So jarring that he made a shocking admission.
I've never been a Stabler/Benson shipper. I've always thought that they had a deep, close friendship but that Kathy was Stabler's one true love.
That's half of why he's suffering so badly now -- he doesn't know how to deal with the loss of his other half, especially when he feels responsible for her death.
But whether he meant it romantically or not, there's no doubt that his first "I love you" was directed toward Benson in particular, not the family as a whole.
And Stabler's discomfort right after it slipped out made it questionable whether he meant it platonically or otherwise.
The intervention scenes and the one between Stabler and Angie afterward were some of the most powerful discussions about PTSD ever.
Benson: Elliot, listen to me. Listen. Everyone in this room recognizes that something's not right. Everyone but you.
Stabler: I'm drowning. How's that for recognitiont?
Benson: Then take our hand. Grab onto us.
Elliot: I know you're trying to help, all of you are trying to help, but all you are doing is pushing me further under. It's like a weight that is dragging me down.
Benson did what Benson always does and acted more like a clinical social worker than a cop, trying to get her old friend to open up, and Stabler's admission that he was drowning brought tears to my eyes.
But I was waiting for her to tell him that she has struggled with PTSD too. Keeping the spotlight exclusively on him made him uncomfortable, and hearing about her experiences might have helped.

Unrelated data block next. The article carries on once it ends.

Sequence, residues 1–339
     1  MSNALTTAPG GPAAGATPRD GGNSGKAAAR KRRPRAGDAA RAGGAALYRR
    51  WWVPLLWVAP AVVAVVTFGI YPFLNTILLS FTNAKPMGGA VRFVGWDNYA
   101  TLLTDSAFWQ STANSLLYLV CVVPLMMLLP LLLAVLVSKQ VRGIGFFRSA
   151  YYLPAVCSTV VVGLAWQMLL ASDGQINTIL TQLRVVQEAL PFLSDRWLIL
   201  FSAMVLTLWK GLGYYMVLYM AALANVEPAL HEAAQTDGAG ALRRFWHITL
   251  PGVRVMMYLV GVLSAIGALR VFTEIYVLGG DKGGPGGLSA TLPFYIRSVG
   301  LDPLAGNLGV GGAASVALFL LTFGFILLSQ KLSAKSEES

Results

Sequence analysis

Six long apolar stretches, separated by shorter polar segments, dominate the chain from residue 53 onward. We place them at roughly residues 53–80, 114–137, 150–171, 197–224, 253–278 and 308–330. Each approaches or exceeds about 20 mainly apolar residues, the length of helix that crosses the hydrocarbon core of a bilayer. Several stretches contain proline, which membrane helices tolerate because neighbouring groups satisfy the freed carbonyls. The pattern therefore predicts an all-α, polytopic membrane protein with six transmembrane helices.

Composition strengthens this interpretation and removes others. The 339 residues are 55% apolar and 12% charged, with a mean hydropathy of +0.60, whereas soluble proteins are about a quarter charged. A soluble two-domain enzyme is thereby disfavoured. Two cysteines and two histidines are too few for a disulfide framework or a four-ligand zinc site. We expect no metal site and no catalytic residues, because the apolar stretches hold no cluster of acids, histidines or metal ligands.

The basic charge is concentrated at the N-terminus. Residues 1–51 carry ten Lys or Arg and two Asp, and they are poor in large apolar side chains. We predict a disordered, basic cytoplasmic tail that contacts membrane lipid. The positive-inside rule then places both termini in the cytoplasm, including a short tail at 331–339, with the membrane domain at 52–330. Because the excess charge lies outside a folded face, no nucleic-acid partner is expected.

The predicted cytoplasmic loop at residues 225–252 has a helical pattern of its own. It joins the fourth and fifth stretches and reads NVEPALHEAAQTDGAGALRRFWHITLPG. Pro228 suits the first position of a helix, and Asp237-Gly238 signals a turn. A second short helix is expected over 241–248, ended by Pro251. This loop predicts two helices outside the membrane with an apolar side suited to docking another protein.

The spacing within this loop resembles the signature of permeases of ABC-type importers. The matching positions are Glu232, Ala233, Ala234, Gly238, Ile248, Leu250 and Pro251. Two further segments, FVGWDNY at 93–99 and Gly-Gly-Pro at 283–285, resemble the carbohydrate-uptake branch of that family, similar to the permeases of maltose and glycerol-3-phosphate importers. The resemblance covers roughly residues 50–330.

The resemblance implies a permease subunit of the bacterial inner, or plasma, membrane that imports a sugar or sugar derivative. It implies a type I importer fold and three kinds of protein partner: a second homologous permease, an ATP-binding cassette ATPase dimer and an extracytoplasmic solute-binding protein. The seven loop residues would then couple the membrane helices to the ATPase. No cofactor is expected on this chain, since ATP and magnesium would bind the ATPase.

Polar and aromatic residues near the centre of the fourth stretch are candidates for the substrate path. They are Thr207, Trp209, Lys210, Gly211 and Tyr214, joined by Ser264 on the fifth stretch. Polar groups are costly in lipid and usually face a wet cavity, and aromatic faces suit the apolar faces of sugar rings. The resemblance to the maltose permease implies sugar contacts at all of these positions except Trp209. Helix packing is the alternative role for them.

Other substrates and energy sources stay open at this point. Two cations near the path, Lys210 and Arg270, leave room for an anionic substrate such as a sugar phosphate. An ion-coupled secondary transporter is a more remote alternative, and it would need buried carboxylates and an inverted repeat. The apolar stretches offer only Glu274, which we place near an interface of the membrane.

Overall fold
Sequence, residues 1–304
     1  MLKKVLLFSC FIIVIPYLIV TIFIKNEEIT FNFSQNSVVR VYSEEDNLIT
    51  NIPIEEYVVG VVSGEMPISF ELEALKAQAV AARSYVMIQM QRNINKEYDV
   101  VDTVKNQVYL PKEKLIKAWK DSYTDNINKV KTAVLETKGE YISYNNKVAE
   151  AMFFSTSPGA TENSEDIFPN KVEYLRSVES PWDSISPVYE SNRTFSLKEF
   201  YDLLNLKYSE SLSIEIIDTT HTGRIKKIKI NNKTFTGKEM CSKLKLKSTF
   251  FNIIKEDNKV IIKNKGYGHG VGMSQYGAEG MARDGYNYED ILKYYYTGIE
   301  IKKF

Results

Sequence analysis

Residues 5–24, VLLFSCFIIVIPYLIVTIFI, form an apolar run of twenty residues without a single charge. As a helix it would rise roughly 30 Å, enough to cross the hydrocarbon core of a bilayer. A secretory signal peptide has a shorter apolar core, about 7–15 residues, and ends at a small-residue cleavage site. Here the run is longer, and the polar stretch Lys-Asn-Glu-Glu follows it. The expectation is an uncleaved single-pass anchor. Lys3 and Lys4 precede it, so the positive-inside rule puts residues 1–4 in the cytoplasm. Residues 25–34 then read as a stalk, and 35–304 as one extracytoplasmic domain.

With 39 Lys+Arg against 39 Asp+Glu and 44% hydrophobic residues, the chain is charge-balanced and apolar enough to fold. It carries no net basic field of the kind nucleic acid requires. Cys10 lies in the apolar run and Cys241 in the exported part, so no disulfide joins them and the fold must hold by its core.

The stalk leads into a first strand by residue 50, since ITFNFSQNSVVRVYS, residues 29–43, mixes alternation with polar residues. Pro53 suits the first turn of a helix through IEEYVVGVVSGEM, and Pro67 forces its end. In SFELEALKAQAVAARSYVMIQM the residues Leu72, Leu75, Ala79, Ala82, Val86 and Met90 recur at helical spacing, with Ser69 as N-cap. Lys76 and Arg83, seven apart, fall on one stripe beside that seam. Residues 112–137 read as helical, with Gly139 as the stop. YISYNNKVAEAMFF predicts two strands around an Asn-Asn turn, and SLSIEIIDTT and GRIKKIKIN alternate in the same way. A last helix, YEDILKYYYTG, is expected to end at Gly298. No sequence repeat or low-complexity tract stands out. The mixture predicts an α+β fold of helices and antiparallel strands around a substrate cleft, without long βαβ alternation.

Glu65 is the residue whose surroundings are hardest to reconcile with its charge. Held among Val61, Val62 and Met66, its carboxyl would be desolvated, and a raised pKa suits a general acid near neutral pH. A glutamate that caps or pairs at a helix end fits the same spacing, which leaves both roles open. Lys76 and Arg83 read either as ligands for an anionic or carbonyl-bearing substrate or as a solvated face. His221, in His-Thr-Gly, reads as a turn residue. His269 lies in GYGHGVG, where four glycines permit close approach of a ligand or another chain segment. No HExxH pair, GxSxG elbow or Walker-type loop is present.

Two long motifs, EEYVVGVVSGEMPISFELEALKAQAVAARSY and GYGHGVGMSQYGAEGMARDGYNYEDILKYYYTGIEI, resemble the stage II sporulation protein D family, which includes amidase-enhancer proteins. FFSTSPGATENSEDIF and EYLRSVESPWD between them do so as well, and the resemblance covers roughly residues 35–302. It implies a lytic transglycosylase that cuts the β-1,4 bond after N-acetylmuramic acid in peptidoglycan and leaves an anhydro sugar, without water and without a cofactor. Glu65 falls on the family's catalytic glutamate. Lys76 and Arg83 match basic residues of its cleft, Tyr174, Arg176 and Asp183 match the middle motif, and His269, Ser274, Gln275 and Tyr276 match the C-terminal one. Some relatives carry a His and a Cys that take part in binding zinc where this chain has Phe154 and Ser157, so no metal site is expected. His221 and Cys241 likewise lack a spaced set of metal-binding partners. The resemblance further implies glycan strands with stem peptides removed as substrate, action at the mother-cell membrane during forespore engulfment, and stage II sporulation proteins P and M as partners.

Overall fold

Of course, he might have tried to deflect by going into a lengthy apology about not having been around during the William Lewis saga, but still, it would have been a logical segue that she just didn't take.
Anyway, was anyone else thrown for a loop when he showed up at Angie's after? I wasn't expecting that at all!
Angie: Should I talk, or should I listen?
Stabler: I don't know. I'm a cop.
Angie: Yes. I know.
Stabler: And I feel like I'm missing something.
Angie: You are. Her name is Kathy.
It made sense in retrospect. They're both grieving the loss of a loved one to Wheatley's operations.
I still don't trust Angie, though. No matter how much she says that the conversation with Stabler was her first sane one of the evening, she's playing both sides, and I don't think she's done with her attraction to Wheatley.
Maybe she is what she says she is and is trying to protect her surviving children from Wheatley, but something still feels off about her.
I was confused as to why Stabler was entirely isolated after the intervention, though. It seemed like his family decided to cut him off until he gets help, including Benson.
That doesn't make sense, psychologically. I know that's what the stereotypical intervention playbook is, but it seemed counterproductive.
It makes sense for Eli not to stay with his dad (though I'm surprised he agreed to it!) since Stabler caused an accident with him in the car. And Benson absolutely should set reasonable boundaries like not answering his calls in the middle of the night.
But ignoring Stabler altogether makes it harder for him to reach out when he's ready to get help and makes it more likely he will self-destruct. So what exactly was the point of that?
I'm interested in what Stabler discovered at the end of the hour, It's a step forward in the investigation, but more importantly, if Kathy was the target and not Stabler, can he stop blaming himself for her death?
Your turn, Organized Crime fanatics! Hit the big, blue SHOW COMMENTS button and let us know what you thought.
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Law & Order: Organized Crime continues to air on NBC on Thursdays at 10 PM EST/PST.